Introducing international development management
Introducing international development management

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Introducing international development management

i. Bringing the state back in

Recent debates on the relative roles of state and market in development have not essentially arisen out of a critique of the post-war conception of the ‘developmental state’, i.e. that which ‘takes on the function of leading and guiding development’ (Doriye, 1992, p. 98). The critique has primarily focused on whether the state or the market in general is the more effective means of achieving (economic) development. Maureen Mackintosh, in a book chapter called ‘Questioning the state’ (Mackintosh, 1992b), provides a very useful perspective on the arguments. She argues that post 1945, the state was regarded as the key agent of development, viz. the developmental state. Economic crises and political change during the 1970s and 1980s resulted in criticism of the role of the state on two main grounds: that the state was (i) unresponsive but invasive, and (ii) inefficient and restrictive.

As a result of this critique, and because of economic crisis and the decline in state revenue, in the South there have been policies to cut state spending, to privatise state and para-statal entities, and to promote the market by deregulation, decentralisation (using private management), cost recovery and targeting the remaining public spending towards the poor. (These measures are, of course, not only familiar in the South.) There has also been a drive on the part of both left and right critics of the state to devolve some of the functions previously held by the state not just to private companies but to the ‘third sector’: voluntary or charitable organisations, trusts, NGOs and so on. On the right, this move is in recognition of the need to have some organised and responsive provision of services; on the left, the argument is based on the empowerment of disadvantaged sectors of society. However, many questions are raised about the capacity of such organisations to respond to needs as well as whether such organisations are becoming centrally located in service provision rather than carrying out the more political task of advocacy.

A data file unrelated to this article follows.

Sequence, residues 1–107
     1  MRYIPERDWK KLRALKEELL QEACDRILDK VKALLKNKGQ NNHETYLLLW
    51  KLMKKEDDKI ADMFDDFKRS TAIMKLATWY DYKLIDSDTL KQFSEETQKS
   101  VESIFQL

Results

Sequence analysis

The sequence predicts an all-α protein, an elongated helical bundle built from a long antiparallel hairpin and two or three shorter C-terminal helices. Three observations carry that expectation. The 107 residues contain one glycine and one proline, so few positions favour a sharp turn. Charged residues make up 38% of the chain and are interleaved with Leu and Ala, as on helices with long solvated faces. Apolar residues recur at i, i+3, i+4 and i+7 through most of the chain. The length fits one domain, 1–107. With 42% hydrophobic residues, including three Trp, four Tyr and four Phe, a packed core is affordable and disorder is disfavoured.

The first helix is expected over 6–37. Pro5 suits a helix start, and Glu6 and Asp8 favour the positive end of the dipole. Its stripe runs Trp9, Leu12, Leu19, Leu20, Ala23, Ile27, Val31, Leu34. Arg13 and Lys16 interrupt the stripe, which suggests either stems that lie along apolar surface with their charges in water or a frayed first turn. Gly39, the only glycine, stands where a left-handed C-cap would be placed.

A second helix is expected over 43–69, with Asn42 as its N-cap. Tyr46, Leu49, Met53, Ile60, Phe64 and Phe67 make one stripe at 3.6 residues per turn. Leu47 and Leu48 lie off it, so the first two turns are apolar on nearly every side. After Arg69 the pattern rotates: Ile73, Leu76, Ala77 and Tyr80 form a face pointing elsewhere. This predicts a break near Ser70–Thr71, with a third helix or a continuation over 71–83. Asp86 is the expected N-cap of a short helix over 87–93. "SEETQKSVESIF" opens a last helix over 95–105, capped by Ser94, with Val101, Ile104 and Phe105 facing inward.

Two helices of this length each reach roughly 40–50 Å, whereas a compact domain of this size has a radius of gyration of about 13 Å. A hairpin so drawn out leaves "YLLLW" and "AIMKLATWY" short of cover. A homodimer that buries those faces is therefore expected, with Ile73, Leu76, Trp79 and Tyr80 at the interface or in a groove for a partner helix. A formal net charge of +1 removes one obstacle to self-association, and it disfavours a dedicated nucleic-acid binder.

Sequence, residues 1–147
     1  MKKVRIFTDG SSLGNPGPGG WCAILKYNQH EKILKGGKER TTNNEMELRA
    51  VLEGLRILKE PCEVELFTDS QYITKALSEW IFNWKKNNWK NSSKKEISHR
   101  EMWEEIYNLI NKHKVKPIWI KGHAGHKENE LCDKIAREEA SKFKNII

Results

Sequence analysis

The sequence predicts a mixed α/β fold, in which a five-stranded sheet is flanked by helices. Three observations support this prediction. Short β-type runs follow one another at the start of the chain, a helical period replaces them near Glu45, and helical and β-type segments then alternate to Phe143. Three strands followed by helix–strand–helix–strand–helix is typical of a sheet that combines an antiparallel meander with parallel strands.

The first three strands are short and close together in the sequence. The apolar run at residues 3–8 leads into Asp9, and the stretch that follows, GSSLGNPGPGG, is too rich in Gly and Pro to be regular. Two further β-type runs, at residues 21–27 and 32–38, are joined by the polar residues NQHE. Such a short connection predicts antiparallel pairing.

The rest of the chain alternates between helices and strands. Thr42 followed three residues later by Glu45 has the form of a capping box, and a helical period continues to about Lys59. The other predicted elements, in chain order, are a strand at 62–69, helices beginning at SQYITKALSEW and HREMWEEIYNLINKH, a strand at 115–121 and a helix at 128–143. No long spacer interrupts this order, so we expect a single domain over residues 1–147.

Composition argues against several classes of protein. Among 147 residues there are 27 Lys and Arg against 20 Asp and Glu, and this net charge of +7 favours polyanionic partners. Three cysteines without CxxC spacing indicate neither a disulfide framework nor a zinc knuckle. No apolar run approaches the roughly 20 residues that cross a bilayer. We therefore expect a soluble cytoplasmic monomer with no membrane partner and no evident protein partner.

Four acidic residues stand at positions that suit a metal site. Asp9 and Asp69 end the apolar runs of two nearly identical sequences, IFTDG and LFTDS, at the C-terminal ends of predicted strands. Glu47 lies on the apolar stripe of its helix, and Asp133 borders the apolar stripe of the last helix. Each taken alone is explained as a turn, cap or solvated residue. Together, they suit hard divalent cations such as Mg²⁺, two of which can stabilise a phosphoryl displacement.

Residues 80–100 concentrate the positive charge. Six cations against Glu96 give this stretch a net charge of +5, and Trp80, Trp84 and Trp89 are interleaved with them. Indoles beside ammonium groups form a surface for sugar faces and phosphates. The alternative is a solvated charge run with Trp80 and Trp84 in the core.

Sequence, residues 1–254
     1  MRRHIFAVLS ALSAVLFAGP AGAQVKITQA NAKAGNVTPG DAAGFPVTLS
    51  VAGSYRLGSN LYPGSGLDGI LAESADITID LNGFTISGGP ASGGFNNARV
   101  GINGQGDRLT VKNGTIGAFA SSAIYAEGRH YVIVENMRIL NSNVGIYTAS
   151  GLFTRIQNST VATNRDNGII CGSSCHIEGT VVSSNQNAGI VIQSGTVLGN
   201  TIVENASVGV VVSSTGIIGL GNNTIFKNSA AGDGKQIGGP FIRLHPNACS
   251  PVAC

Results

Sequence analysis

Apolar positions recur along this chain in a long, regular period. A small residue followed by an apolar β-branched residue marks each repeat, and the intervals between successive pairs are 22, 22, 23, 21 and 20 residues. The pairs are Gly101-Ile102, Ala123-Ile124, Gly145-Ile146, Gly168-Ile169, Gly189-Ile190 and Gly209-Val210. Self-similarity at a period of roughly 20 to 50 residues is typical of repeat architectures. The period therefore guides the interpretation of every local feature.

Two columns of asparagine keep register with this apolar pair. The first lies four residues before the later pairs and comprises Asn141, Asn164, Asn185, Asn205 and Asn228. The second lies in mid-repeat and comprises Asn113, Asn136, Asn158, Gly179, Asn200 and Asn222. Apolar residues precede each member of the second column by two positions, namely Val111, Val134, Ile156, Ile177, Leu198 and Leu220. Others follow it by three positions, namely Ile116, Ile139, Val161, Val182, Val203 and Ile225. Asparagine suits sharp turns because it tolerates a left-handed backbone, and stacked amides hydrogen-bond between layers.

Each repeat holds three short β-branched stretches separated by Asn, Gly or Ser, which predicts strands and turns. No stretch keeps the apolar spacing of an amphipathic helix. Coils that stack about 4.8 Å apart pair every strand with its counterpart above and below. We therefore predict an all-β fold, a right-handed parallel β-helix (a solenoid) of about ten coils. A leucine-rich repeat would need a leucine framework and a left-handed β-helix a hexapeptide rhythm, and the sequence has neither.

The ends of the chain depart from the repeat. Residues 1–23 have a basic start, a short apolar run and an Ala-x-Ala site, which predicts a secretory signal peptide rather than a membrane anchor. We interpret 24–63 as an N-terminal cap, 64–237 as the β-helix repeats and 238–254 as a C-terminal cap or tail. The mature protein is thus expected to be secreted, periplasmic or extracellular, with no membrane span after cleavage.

Through the 1990s and into the 2000s efforts have been made to ‘bring the state back in’ to development discussions – but in rather distinct and particular ways. For example, recent donor interests and interventions have tended to focus on the efficiency of the state as an administrative body (Crewe and Harrison, 1998, pp. 5, 54) and have considered how to improve the effective operation of state institutions. Yet the role of the state remains constrained by global policies and pressures, including, most notably, the emphasis on expanding the private sector, market liberalisation and the reduction of government involvement in economic management. The state has been ‘brought back in’ as one development partner among others – notably the private sector and NGOs – albeit with a particular remit to create an ‘enabling environment’ within which these other actors can operate.

This changing view of the state sees it less as a monolith and more as a multi-layered view of the networks and institutions which constitute the state. Related to this there has been increasing interest in exploring the ‘local’ or ‘everyday’ state – how individuals and groups experience and understand the state. The concern with de-centralisation is also related to this changing view of the state. De-centralisation is based on the idea that the state is made more efficient through the delegation of planning responsibilities to regional or other more local levels of the administration. The introduction of such measures is couched in terms of equity and efficiency, and presented as participatory and thus more able to direct resources towards target groups.

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